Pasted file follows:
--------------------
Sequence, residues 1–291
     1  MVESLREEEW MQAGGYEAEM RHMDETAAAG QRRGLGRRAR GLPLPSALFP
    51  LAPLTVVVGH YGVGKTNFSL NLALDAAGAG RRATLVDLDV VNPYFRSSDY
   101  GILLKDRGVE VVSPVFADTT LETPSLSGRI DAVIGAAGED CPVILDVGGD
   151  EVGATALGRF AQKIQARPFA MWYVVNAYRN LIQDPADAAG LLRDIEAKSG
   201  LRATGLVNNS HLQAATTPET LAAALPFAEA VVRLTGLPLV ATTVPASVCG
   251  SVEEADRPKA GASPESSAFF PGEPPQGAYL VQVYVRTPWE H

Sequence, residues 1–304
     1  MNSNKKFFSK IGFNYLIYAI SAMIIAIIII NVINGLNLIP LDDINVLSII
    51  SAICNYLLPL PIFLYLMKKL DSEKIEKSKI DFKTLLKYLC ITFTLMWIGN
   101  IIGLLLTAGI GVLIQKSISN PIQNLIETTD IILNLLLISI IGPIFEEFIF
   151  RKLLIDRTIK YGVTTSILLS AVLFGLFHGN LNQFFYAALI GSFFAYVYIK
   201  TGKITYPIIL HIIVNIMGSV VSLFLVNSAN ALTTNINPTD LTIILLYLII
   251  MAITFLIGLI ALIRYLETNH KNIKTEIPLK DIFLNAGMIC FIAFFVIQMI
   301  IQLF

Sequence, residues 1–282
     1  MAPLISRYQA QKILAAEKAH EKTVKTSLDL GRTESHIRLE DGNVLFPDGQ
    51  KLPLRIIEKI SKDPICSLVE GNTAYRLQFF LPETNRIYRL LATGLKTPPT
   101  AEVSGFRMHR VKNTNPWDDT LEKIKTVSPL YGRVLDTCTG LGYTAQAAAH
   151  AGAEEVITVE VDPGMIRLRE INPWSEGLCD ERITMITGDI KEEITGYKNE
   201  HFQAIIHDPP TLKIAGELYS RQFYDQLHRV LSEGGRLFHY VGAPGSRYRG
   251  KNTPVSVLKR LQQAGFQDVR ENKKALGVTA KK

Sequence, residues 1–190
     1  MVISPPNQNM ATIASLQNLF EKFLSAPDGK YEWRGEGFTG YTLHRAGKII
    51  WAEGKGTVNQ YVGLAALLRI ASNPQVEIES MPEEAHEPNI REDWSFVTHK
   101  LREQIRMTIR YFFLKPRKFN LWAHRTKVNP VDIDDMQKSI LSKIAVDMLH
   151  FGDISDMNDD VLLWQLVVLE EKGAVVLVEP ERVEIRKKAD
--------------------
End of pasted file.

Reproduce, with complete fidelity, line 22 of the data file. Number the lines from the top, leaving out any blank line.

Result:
   251  KNTPVSVLKR LQQAGFQDVR ENKKALGVTA KK